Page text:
17 Jan 2020
ISRO launches GSAT-30 satellite: What it can do?
The spacecraft lifted-off on an Ariane 5 rocket at 2:35 am IST from the Guiana Space Center and is now operational in an initial elliptical Geosynchronous Transfer Orbit (GTO).
But, what exactly this satellite is meant to do?
Let's find out.
GSAT-30 is India's latest telecommunications satellite
GSAT-30 is India's latest telecommunications satellite, which, ISRO says, is based on its original INSAT/GSAT series of spacecraft.
It has been configured on the space agency's enhanced I-3K Bus platform to provide communication services from the orbit in the C and Ku frequency bands and make a more capable replacement for INSAT-4A, which was launched in 2005 and has exceeded its mission life.
ISRO's tweet after launch
India's communication satellite #GSAT30 was successfully launched into a Geosynchronous Transfer Orbit by #Ariane5 #VA251.— ISRO (@isro) January 16, 2020
Thanks for your support !!!
For details please visit: https://t.co/FveT3dGuo6
Image Courtesy: Arianespace pic.twitter.com/67csn0zZq7
How this satellite's services would be useful?
The high-throughput of the 3,357-kg satellite will provide high-quality communication and broadcasting services to the Indian mainland and islands.
This includes stuff like support for VSAT networks, television uplinking and teleport services, Digital Satellite News Gathering, DTH television services as well as cellular connectivity.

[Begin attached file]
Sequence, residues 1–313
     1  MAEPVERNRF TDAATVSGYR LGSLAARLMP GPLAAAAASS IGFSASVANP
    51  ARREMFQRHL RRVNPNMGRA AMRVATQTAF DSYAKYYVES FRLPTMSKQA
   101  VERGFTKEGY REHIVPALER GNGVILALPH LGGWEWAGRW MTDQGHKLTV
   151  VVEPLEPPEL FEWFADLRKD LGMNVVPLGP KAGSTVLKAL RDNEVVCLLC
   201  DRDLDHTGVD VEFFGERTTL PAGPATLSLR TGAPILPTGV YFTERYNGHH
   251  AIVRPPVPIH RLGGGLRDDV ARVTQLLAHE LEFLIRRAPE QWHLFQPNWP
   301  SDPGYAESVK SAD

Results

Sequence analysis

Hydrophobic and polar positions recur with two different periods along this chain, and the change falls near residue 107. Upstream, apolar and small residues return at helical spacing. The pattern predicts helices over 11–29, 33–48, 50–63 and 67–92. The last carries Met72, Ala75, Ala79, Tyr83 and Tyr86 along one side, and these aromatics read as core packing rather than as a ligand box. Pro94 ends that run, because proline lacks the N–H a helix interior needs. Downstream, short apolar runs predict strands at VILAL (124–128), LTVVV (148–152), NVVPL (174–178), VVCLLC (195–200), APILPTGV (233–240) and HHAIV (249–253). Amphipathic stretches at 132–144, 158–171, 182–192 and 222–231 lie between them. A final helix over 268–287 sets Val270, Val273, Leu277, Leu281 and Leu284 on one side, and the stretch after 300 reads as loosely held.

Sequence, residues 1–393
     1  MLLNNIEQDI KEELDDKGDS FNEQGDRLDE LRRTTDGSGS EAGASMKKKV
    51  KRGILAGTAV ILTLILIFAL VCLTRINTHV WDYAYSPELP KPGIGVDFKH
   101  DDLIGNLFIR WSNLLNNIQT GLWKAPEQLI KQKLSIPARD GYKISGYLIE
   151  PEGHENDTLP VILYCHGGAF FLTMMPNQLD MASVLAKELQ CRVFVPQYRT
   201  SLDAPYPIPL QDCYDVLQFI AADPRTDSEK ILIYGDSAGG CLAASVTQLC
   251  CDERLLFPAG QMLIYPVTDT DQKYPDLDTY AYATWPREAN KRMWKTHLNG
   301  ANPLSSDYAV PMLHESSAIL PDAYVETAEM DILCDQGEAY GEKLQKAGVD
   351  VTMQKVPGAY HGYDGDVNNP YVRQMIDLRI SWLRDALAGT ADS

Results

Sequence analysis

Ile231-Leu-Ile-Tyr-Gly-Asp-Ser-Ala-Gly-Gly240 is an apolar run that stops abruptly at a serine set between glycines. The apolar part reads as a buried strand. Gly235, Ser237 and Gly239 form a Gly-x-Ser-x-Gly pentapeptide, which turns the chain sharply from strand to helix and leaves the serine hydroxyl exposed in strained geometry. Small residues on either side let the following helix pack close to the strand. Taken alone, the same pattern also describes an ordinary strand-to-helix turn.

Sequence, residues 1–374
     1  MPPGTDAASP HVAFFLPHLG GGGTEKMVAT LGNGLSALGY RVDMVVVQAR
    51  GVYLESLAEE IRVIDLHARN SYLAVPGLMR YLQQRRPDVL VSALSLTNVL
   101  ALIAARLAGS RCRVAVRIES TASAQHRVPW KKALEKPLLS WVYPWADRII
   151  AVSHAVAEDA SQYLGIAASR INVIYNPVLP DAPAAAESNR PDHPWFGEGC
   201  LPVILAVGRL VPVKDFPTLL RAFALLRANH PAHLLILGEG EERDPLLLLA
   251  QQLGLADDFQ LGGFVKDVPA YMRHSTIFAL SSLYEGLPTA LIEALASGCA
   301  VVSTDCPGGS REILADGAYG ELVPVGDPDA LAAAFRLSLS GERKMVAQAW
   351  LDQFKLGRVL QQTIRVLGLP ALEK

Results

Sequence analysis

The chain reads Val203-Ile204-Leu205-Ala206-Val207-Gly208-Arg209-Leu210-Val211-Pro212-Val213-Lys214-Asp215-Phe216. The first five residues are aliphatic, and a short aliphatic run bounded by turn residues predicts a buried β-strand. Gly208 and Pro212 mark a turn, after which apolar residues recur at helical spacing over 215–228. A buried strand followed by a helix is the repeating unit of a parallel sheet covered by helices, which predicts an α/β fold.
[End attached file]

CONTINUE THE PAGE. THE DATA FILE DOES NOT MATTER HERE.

ISRO says that the satellite's India-specific services, provided in the Ku band, will work in remote areas too.
GSAT-30 will also serve some other regions
In addition to the Indian mainland, GSAT-30 will also provide extended coverage in other parts of the world.
Specifically, the improved design of the satellite with more number of transponders will allow broadcasters to deliver content among other services to the Middle East, Australia, and a large number of Asian countries.
These services, ISRO says, will be provided in the C band.
Now, it will operate for 15 years
GSAT-30 has a planned mission life of over 15 years, which means it will continue to operate till 2035, perhaps even later.
To recall, the satellite GSAT-30 is replacing INSAT-4A, which also had a similar life span. It was placed in the graveyard orbit on 21 October 2019 to make room for the successor.
Interestingly, INSAT-4A was also launched on the Ariane 5 rocket.
Here's what K Sivan, ISRO's Chairman, said about GSAT-30
"GSAT-30 has a unique configuration of providing flexible frequency segments and flexible coverage," ISRO chief K Sivan said, adding that "the satellite will also be used for bulk data transfer for a host of emerging telecommunication applications."